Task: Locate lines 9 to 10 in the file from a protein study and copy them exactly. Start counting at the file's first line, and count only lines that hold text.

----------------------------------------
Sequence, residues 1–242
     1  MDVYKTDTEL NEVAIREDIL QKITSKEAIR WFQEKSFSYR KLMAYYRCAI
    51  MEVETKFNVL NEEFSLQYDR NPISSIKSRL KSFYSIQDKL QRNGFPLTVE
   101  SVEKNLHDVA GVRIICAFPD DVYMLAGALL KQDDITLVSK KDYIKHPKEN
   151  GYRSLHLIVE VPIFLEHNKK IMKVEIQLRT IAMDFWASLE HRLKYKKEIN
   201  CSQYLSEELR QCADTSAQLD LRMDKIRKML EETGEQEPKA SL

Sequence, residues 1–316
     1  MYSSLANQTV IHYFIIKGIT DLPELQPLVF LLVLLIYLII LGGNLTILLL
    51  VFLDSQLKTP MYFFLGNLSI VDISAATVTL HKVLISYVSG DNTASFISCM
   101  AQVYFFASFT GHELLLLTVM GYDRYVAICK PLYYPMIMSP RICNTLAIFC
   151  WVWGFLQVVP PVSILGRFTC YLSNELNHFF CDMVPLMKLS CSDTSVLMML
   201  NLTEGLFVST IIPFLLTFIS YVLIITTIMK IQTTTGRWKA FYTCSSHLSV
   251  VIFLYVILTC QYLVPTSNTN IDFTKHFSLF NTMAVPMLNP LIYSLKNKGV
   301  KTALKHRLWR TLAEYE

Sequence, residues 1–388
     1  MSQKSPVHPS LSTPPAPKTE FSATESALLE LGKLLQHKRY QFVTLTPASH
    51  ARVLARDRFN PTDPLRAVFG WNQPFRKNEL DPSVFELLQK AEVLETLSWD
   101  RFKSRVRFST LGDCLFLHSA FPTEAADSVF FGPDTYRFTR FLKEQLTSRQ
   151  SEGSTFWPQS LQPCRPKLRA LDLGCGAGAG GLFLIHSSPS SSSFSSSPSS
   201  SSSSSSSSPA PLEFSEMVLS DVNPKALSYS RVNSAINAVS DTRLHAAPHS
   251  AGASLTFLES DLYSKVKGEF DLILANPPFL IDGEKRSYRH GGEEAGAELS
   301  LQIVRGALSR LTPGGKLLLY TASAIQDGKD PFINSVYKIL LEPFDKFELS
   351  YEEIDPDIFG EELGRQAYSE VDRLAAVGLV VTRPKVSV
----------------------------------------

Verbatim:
    51  VFLDSQLKTP MYFFLGNLSI VDISAATVTL HKVLISYVSG DNTASFISCM
   101  AQVYFFASFT GHELLLLTVM GYDRYVAICK PLYYPMIMSP RICNTLAIFC